If you're ever stuck, or you just need to warm up your writing muscles and flex those fingers before confronting your current project, be it poetry or a manuscript or a short story, then here's an easy, fun exercise:
1) Choose a notebook or a loose-leaf binder that you will use only for these writing calisthenics. The reason? Just like hauling out the right exercise mat or choosing your favorite punching bag, you always know where to go when you need a workout. Also, every time you do this exercise, you will end up with something interesting you can use later; if you use the same notebook every time, you always know where to find the material.
2) Each time you start a fresh exercise, put the day's date at the top of the page, then make a list--1,2,3--on the first three lines.
3) Pick a book, any book. Pick a magazine, if you want. Any printed material will do; I prefer thick books.
4) Flip through the book at random and, without looking, point to the page. Write down the word closest to (or underneath) your finger; feel free to try again if the word is "the" or "and" or something else bland. Multisyllabic words are best, but any word will do. Repeat this part of the exercise until you have at least three words listed beside the numbers at the top of your page.
5) Look at the clock--or set a timer--and, without stopping to think about what you're going to compose, write for no less than 5 and no more than 15 minutes straight, incorporating those three words in your list. When the timer goes off or the second hand ticks past the 5-minute or the 15-minute point, stop writing, even if it's in the middle of a sentence.
In my experience, the results are often a lot of fun and help provide some interesting openers for what can become longer stories. I'm surprised at the variety of topics, settings, and eras that I've written about whenever I've just let my mind wander free.
Below is one example from my apple-green spiral-bound notebook which bears the same title as this post--"Fiction Calisthenics"--and the three words in the list are in bold in the text:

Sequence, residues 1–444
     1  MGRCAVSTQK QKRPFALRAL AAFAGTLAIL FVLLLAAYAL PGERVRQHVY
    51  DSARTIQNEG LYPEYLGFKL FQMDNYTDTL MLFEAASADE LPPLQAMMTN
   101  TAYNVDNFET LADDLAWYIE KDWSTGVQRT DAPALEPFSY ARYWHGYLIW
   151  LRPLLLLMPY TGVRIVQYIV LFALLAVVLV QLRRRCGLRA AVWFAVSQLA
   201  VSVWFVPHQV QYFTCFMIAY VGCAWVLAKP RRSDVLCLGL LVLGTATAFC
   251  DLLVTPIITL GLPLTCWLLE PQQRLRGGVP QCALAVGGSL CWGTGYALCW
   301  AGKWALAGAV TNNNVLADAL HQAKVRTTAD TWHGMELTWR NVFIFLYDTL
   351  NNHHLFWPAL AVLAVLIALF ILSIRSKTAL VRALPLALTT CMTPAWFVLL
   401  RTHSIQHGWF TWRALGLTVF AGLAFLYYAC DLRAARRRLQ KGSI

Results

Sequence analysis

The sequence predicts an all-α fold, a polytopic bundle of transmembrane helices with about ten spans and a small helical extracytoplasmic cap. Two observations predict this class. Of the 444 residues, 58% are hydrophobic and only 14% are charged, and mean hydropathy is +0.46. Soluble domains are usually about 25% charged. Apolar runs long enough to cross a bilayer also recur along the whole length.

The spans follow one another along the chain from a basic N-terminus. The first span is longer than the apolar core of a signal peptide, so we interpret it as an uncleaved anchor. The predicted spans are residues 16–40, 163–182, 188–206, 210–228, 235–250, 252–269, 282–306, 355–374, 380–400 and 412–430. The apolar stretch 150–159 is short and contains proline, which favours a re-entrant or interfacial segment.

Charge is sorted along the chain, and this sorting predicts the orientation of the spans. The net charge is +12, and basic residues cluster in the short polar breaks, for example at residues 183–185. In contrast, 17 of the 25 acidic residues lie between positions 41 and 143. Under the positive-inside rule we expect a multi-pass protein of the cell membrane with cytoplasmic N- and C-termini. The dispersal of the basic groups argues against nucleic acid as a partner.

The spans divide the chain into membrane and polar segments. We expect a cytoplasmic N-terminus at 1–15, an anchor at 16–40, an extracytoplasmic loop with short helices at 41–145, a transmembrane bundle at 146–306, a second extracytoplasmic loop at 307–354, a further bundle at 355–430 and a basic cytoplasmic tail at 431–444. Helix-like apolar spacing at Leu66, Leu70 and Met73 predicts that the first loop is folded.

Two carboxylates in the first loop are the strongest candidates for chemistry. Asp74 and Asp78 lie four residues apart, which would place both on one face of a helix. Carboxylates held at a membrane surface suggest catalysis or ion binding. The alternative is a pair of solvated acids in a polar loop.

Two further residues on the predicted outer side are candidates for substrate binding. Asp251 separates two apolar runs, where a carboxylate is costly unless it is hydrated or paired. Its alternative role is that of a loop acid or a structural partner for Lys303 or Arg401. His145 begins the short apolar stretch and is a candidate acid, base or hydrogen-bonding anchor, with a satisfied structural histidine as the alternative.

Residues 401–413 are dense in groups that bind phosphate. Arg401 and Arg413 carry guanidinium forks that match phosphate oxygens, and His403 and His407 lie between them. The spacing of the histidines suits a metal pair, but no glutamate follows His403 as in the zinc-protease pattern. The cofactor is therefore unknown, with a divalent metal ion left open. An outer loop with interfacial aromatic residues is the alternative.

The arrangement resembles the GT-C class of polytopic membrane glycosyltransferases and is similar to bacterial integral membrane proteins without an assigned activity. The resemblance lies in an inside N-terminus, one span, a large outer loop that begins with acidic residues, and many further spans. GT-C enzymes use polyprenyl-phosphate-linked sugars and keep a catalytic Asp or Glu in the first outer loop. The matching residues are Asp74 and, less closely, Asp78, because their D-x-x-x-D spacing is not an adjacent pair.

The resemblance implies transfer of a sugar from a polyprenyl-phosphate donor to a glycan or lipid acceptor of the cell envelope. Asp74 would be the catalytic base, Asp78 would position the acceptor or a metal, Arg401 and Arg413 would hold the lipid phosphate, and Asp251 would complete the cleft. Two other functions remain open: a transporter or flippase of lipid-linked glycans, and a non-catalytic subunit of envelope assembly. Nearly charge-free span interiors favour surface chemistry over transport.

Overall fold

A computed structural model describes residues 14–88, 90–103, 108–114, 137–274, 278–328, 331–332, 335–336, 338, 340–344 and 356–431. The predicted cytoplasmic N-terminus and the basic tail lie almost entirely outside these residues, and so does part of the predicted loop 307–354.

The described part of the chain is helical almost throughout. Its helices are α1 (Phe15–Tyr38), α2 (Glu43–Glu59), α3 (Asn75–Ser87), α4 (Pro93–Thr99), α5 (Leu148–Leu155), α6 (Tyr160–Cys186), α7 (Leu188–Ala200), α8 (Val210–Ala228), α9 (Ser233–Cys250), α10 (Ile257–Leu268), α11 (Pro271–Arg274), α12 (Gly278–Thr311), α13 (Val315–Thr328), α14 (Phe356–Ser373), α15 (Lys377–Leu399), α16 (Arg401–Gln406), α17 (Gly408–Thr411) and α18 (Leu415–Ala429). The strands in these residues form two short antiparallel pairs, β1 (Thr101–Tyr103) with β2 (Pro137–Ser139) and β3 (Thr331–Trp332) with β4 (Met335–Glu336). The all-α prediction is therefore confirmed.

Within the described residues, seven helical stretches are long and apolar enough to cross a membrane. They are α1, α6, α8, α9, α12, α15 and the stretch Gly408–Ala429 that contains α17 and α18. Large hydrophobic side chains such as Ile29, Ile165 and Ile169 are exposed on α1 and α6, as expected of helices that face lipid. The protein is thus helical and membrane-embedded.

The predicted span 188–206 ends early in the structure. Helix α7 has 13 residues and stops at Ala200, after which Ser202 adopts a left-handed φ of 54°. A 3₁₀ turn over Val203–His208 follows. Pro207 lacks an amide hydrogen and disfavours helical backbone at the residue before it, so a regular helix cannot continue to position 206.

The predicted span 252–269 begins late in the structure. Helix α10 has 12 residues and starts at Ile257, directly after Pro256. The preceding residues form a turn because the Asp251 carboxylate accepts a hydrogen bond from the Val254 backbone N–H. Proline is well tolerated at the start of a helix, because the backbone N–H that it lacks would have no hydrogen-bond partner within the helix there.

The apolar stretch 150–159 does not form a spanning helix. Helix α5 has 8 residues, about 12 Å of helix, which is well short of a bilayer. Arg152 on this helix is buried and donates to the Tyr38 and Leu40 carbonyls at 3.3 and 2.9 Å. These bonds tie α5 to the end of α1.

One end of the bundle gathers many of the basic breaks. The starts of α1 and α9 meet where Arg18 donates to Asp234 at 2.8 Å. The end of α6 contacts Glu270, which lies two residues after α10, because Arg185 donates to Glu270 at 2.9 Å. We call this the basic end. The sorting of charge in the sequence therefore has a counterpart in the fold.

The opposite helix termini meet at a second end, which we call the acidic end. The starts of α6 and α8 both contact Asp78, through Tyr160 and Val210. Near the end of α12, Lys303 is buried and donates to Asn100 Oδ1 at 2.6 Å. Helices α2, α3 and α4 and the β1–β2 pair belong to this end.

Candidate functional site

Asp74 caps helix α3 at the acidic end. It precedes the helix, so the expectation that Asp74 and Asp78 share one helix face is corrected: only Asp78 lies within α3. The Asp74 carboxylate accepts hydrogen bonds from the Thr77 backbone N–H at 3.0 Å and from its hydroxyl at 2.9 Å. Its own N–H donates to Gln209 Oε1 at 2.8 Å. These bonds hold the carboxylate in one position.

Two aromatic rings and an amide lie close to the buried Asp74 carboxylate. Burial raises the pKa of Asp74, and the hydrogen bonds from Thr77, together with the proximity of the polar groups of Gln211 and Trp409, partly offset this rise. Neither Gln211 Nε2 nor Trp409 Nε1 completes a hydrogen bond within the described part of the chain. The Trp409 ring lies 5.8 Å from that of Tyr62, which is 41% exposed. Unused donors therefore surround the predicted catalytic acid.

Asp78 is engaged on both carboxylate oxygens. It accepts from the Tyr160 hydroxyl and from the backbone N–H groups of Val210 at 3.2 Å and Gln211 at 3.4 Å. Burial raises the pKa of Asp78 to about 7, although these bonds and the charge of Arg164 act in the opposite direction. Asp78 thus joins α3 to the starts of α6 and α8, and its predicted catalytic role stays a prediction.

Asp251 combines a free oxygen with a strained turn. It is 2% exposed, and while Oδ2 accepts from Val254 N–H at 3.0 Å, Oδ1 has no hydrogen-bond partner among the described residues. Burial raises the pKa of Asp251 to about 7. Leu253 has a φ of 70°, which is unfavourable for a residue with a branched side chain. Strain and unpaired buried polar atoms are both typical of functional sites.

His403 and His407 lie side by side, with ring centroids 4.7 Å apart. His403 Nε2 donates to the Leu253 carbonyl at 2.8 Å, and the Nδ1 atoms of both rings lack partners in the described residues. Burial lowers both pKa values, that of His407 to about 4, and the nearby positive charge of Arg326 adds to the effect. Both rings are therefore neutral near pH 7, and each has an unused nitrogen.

He stared at the gleaming silver benches, the neatly bordered aisles with their shiny aluminum handrails. At least twenty rows of bleachers--and he was supposed to run up and down how many times?
First day of school in this backwater town, and he was already in trouble.
He glanced over his shoulder. Coach Winters stood with his arms crossed, whistle lanyard dangling from one meaty paw, stopwatch lanyard dangling from the other.
Jerk. Can't take a joke.
Coach Winters spat on the track, and little puffs of dirt flew up around the wad of phlegm. "Two minutes added to your time. C'mon, boy. Twelve minutes and counting."
He swung his arms, limbering up. A couple twists, a couple hamstring stretches, a few seconds of jogging in place as a warm-up--
What he wouldn't give for three minutes, a boxing ring, and his favorite pair of gloves; flabby Coach Winters wouldn't last one round. Guaranteed.
His tennis shoes banged on the first bleacher, the sound echoing in the stadium. Blowing out his breath, taking it in again, he started up.
And there ya go--you've warmed up your writing muscles, and you have material to use later, and (hopefully) you've had a little fun doing it.